Any individual in any faith community will describe a women's prayer gathering or a men's prayer gathering as having a very unique and uplifting resonance, that is very different than one experienced in a mixed experience. That then is the spiritual purpose of separate prayers in the synagogue or at the Western Wall.

This traditional approach seems to be also rooted in Biblical practice and lore. Isaac and Rebeca prayed for a child standing at opposite corners of the room. The children of Israel broke into song and praise upon crossing the Red Sea . Miriam brought out timbrels and instruments and then led her sisters in a separate prayer. Temple worship involved a separation between the men and the women.

There has been much written about how the Western Wall before 1967 was a place of mixed gender prayer. This is not factual as between 1948 and 1967, no Jews were allowed to be there, period. Furthermore before 1948 they were not allowed to build partitions bring a chair or blow a shofar. The possibility of organized prayer was nonexistent.

When the Hurva Synagogue was rebuilt I joined the first prayer service. After the service I called my Uncle, as both he and my late father were born in Israel. I told him where I was and he fondly remembered how when they would visit Jerusalem, they would pray at the Hurva synagogue. I asked him why he would pray there and not down at the Western Wall. He told me with a twinge of pain  “you did not go to the wall to pray...you couldn’t. ..You went and said some tehillim ( psams_) or private prayers, but you could not have a minyan at the wall and pray a long davening...the Arabs would not let...neither would the British...and neither would the Turks before them.”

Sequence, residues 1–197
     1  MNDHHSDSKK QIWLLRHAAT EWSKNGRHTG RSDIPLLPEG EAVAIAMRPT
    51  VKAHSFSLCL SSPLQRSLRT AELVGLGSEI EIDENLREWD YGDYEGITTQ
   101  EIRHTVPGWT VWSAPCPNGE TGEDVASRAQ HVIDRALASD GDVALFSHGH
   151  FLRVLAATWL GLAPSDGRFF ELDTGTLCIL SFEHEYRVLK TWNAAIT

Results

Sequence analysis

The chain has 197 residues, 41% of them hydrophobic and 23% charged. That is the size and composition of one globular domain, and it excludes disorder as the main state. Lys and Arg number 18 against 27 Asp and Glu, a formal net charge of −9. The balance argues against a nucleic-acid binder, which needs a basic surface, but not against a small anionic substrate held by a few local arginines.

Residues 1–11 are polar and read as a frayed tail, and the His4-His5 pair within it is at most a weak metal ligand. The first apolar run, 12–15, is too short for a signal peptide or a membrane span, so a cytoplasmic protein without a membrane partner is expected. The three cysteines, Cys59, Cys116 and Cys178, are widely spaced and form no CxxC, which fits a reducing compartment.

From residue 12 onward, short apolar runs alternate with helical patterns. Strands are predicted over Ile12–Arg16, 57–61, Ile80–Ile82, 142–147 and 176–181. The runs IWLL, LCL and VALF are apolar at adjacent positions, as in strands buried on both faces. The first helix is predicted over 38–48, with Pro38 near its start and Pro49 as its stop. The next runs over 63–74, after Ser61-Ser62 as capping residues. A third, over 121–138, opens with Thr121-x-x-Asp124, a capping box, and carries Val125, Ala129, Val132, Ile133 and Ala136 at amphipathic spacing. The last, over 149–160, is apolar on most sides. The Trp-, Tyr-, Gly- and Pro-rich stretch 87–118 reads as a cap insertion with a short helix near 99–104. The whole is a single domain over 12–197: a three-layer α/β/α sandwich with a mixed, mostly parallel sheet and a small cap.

In essence, then,the struggle about the character of prayers at the wall should not be  not about which side rules. Rather it should be about which principle or purpose is followed, Equality defined as Sameness or optimal environment for prayer. That is a disagreement worthy of truth seeking discourse.

To conclude, this attempt at explaining the Torah – Observant view is not intended to deny the spiritual power and validity others may experience in their own faith expressions. These words are simply an attempt to at least explain the spiritual roots of a three thousand year old tradition.

Regrettably much negative energy has been expended regarding the issue of forms of prayer. Rather than having a deep and insightful discussion about G-d and spirituality the rancor is all about power and suspicion.

A slight shift in focus would achieve greater results as we all need to master the art of sensing G-d both from within and without.

LeRefuat Yehudit Bat Golda Yocheved